On the intellectual property front, Ross has cultivated a next generation of long- term employees who understand the culture and the way she works. For the sake of her managers these days she tries to restrain her enthusiasm for being too conspicuous in the branches.
“I like to be where it’s happening. I can still be seen out there with a consultant at the desk eating a sandwich and discussing a problem.”
Her focus is on the larger view. Driving the FirstWater brand into new markets is critical right now. Positioning the company as a real Australian alternative to the bigger (less personal) international players is another.
In one bold marketing ploy, Ross had sizeable eucalypt saplings delivered to major clients recently and, to keep up the true blue flavour on another occasion, dispatched copies of Peter Carey’s True History of the Kelly Gang (2001, UQ Press).
Despite the constraints of managing a public company, Ross has also been able to make the difficult decision on the technology spend, around $3.5 million, which is expected to put JRR ahead of competitors. Siebel Systems is delivering information internally on customer buying pat- terns, electronic business—to—business, job sorting, online purchasing and smaller, but significant basics such as allow- ing temps to deliver timesheets via the Net.
In the day-to-day operations, Ross stands by the rules of good business practice such as never running out of cash and understanding clients. but it is in the area of her own expertise — people – that she has noticed the greatest change. “Once if you paid people well and gave them a good job then they generally did what they were supposed to do. There’s a lot more emphasis now in making sure your own people, internally, are on the bus: the right people going in the same direction.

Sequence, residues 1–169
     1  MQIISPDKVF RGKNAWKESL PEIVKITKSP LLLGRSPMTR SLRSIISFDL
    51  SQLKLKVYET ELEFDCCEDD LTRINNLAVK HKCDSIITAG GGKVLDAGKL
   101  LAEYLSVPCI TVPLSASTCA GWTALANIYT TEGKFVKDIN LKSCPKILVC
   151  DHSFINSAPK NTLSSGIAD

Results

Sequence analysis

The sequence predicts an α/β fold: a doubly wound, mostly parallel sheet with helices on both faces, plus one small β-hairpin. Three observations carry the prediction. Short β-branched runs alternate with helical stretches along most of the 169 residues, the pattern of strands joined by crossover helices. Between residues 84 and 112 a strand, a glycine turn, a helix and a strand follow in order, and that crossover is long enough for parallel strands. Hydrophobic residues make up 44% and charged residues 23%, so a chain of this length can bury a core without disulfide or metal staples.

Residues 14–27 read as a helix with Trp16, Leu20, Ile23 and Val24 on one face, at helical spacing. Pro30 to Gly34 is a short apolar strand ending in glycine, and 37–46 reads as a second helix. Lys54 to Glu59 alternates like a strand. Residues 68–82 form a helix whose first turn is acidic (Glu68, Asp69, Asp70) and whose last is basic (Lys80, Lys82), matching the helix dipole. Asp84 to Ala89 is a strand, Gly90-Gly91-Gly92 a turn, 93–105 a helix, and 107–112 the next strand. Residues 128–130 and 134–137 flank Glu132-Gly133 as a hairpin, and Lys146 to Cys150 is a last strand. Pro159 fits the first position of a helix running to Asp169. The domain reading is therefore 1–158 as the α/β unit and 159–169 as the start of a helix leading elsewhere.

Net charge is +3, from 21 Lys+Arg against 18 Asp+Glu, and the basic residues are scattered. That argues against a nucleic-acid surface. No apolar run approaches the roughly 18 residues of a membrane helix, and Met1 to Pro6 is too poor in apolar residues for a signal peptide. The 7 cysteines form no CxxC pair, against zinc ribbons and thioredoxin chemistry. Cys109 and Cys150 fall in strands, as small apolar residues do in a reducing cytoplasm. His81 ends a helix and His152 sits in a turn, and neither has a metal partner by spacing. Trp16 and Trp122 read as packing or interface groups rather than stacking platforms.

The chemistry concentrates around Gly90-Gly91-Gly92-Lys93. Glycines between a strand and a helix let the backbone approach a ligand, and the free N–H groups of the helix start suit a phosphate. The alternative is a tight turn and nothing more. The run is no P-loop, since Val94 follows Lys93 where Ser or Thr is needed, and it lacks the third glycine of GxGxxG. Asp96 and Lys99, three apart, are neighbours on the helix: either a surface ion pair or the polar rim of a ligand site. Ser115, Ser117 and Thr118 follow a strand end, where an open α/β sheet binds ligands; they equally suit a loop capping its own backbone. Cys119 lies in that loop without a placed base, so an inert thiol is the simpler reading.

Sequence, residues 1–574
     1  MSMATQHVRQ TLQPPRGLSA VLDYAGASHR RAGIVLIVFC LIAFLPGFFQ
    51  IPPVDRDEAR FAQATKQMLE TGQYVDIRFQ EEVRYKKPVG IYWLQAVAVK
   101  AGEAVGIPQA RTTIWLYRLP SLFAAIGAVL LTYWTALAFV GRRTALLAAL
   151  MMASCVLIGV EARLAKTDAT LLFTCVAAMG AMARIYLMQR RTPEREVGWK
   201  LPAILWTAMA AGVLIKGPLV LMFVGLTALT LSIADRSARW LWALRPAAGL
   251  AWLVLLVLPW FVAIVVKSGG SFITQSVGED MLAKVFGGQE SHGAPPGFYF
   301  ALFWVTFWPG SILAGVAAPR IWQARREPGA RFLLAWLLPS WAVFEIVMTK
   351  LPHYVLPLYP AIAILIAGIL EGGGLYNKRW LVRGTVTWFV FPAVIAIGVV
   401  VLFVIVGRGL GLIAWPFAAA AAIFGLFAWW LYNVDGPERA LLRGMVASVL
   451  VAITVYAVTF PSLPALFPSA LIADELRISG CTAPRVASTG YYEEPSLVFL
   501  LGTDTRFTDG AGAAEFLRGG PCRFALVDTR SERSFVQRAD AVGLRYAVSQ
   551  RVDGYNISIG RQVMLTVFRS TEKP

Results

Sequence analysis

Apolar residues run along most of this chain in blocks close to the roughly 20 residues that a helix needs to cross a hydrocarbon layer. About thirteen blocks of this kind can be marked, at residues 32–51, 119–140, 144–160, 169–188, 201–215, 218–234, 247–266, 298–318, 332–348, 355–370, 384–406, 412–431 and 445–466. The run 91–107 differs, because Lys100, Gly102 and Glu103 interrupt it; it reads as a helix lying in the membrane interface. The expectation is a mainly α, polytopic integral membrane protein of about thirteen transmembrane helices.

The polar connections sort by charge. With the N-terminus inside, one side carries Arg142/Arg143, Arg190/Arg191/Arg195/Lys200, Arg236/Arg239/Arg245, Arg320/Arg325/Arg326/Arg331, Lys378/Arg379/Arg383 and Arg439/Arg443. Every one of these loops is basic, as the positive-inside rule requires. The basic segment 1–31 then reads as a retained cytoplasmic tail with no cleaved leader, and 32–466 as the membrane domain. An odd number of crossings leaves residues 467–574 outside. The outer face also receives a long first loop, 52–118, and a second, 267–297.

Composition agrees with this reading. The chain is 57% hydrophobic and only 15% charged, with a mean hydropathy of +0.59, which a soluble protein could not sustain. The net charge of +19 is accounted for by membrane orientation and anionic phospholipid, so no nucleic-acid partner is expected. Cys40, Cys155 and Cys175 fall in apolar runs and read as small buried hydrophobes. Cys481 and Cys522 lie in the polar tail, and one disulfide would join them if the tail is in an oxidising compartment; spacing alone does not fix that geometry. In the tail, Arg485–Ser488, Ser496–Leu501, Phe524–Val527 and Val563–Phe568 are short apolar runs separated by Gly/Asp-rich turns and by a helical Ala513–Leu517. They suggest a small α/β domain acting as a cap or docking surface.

“Now you have to pay attention to looking after them well and making them feel that they are with a company that cares about the community and about them. They have to feel you are a good employer.”
A matter of ethics
Ross herself is actively involved with children’s charities and is particularly keen on motivating women in business. She likes her staff to witness her making ethical decisions and that the company is ethical, a backhander at some global competitors’ bad habits on which she does not elaborate.
Even Ross admits to the challenge in motivating the predominance of younger people in the industry. Priorities are different from 10 to 15 years ago, she notes. “It is harder to find people with the same sort of drive, fight and tenacity that we used to get. It’s far more about quality of life now…
“Historically the job was the most impor- tant thing, but now it comes behind their sport, their leisure, their relationship…”
So would Ross be where she is today if she had adopted that attitude?
“Probably not, but people nowadays don’t necessarily want to get there. I don’t think people really want to make the sacri- fices. There has been a lot of blood, sweat and tears, long periods of time when you can’t even remember how to smile. There has been a significant amount of work and time under an enormous amount of pres- sure… The only time I am not contactable is on an aircraft!”
What has she missed? More time at home, time to look after myself and spend with my boy, just smelling the roses… I think anyone starting in business and driving it goes through the same sort of stuff, and there is always a debate at the end of it: Was it worth it? Well, it was for me, but I do think it’s a hell of a sacrifice.”
When asked about the times that gave her a major sense of achievement, front-of-mind for Ross was that her son had been proud of her when she appeared as a guest speaker at his school.
On anyone’s terms Julia Ross is a success story. In 14 years she has built a business from scratch into being a force to reckon with at the big end of town. She’s rich beyond most people’s wildest dreams, but past the days of being flash with her cash, living comfortably in Sydney’s Eastern suburbs.
Inevitably, we come to the question of whether Julia Ross can see a time when she will walk away from the business. Her response is immediate, in a word, “No”. “I would just like the market to come back a bit, so I can have more fun.”